In the Ravenous Dark Review

Hi everyone! I hope you’re all doing well! Today I’m back with a review of a highly anticipated queer YA fantasy that I actually read with Bertie (if you haven’t checked out their blog you definitely need to!), and it was so much fun!


Title: In the Ravenous Dark

Author: A. M. Strickland

Pages: 400

Genre: Fantasy, LGBT+, Young Adult

Rating: 4.5 out of 5.

Synopsis: A pansexual bloodmage reluctantly teams up with an undead spirit to start a rebellion among the living and the dead.

In Thanopolis, those gifted with magic are assigned undead spirits to guard them—and control them. Ever since Rovan’s father died trying to keep her from this fate, she’s hidden her magic. But when she accidentally reveals her powers, she’s bound to a spirit and thrust into a world of palace intrigue and deception.

Desperate to escape, Rovan finds herself falling for two people she can’t fully trust: Lydea, a beguiling, rebellious princess; and Ivrilos, the handsome spirit with the ability to control Rovan, body and soul.

Together, they uncover a secret that will destroy Thanopolis. To save them all, Rovan will have to start a rebellion in both the mortal world and the underworld, and find a way to trust the princess and spirit battling for her heart—if she doesn’t betray them first.

I’ve had my eye on this book for a while – I love dark, bloodthirsty fantasy books and I love books with queer polyamory representation even more – and it definitely didn’t disappoint! In the Ravenous Dark follows Rovan who has hidden her blood magic for years, for fear that she will end up with a spirit assigned to her and forced to become part of the land’s army, after her father died so that she could keep herself secret. But, when she accidentally reveals her powers while saving someone’s life, she is taken by the royal guard and forced into palace life with a spirit tethered to her to keep her in check. But something isn’t quite as it seems and Rovan, desperate to escape to her father’s homeland of Skylea, enlists the help of a rebellious princess and the mysterious spirit she’s stuck with to uncover a deadly secret.

When I first picked this up I was so sure that it was the first book in the series, but after finding out that it is a standalone, for about the first 50% of the book I was so sure that Strickland wouldn’t be able to wrap all that the book encompasses up at the end of the novel. I was so wrong, and the second half of the book had so much action and so many plot twists that I was on the edge of my seat trying to keep up with it all! Something that was evidently strong from the start of the book, though, was the magic system. I adored how unique it was – there are two types of magic in the world and the main king (blood magic) that Rovan has control over is passed down through generations via bloodlines and is cast by drawing sigils in the air with your fingers. I loved how visual this magic system is and, although I wish we’d got to see more of the death magic, it’s definitely one of my favourites I’ve seen recently!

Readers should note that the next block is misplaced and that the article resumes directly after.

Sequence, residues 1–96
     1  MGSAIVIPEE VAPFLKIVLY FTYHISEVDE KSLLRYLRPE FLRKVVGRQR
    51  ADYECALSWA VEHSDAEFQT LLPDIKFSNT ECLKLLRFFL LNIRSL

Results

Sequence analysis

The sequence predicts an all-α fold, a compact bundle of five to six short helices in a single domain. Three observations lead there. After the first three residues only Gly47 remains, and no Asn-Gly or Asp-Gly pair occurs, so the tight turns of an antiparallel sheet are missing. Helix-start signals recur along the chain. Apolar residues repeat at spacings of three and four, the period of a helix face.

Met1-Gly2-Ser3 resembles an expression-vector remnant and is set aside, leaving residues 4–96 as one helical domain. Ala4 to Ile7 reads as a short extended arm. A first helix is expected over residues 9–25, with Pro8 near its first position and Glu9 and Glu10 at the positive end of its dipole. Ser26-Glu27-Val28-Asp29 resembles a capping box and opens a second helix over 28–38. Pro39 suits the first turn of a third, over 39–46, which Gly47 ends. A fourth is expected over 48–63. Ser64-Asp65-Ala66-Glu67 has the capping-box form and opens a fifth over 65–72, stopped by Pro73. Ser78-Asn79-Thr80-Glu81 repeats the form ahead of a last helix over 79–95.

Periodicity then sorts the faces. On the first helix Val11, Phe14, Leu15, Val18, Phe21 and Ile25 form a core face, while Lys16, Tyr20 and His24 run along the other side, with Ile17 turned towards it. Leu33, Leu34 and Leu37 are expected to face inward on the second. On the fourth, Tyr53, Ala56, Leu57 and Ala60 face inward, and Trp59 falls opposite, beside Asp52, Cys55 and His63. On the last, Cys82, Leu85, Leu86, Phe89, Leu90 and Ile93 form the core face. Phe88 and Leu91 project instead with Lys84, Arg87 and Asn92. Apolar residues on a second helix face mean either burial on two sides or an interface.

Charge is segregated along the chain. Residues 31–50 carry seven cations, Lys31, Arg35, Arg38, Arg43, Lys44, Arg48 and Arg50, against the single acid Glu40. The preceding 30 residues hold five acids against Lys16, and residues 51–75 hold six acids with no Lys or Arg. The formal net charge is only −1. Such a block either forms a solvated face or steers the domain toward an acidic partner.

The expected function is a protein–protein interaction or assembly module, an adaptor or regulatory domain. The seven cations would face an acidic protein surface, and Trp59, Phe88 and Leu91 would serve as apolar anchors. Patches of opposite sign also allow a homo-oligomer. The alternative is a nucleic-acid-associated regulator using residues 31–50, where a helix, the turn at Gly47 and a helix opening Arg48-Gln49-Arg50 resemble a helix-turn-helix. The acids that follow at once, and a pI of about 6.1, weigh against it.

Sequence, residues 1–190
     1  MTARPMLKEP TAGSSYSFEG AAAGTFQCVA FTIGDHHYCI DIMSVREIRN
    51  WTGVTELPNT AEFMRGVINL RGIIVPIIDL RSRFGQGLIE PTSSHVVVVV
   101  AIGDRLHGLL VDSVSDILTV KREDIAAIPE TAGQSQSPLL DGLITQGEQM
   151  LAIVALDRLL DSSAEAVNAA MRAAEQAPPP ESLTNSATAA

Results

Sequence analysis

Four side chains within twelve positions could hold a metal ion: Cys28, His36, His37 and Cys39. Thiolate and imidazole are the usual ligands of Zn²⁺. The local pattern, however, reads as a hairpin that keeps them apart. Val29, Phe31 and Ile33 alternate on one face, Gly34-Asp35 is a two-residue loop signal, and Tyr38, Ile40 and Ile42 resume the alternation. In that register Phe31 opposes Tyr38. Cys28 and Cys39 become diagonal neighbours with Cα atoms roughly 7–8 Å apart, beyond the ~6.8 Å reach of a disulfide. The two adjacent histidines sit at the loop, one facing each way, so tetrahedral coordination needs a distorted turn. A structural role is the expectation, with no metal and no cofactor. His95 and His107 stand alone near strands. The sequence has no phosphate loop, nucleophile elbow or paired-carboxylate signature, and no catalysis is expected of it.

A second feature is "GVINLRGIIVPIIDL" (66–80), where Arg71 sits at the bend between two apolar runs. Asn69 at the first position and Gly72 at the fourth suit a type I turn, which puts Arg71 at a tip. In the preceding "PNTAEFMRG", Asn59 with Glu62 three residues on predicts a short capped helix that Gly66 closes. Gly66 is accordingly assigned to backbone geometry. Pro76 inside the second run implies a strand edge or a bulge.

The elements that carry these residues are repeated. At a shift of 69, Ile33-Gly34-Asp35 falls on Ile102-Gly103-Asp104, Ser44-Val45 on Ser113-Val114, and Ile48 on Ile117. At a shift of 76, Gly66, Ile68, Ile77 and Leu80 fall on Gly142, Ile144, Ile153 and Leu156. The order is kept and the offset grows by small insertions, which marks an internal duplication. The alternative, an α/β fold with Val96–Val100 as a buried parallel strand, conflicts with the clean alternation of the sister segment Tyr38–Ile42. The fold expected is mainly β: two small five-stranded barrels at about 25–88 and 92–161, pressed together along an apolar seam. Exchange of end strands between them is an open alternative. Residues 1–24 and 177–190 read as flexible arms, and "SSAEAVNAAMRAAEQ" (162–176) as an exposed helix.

Another thing I loved about the book was the characters. Although at first it took me some time to figure out who everyone was, I quickly grew fond of Rovan, Japha (her new best friend) and the princess Lydea! Rovan’s voice was so witty throughout the novel and I like how Strickland took the often stereotypical image of the male fantasy main character who loves drinking and sleeping around and turned it on its head by showing Rovan enjoying these things in a much more healthy and sex-positive way! Japha is a nonbinary person of colour and I loved their flamboyancy when it comes to clothes as well as their hilarious comebacks. I also really empathised with their feelings of inadequacy, particularly when it comes to their father. Lydea was so strong and her confidence contrasted so well with her fear of being as ruthless and violent as her father and brother. I also really enjoyed the lesbian representation that we got from her – she honestly deserved so much better than what she got! As for Ivrilos – the spirit who’s tethered to her – ehhh I didn’t really love him. There’s a kind of hate-to-love romance between him and Rovan but I never really felt anything between the two of them. All of the romance in the book felt so much like it was told to us that it existed, but never really shown – and I think in this case, if it was perhaps a duology then it would’ve worked so much better.

As for the world-building and the plot, first of all I loved that it was set in an Ancient Greece-inspired world. Though I found it hard to imagine all of the clothing and armour that was mentioned throughout, that’s just me not knowing much about Ancient Greece in general, but I think otherwise, the worldbuilding was very well done! I’m loath to say much about the plot for fear of spoiling something, but rest assured, there are so many twists and turns that I ended up with whiplash by the end of the book, and there are some more gruesome and gory bits near the end, too, which I didn’t see coming but that I think worked so well with the rest of the plot.

Overall, this was a really great read and I’m so glad that Bertie agreed to buddy read it with me, because having them to chat to about everything really made the reading experience all that more immersive! If you’re a fan of darker adult fantasy but love the vibes of YA fantasy and some excellent queer rep, definitely check this one out on its release!

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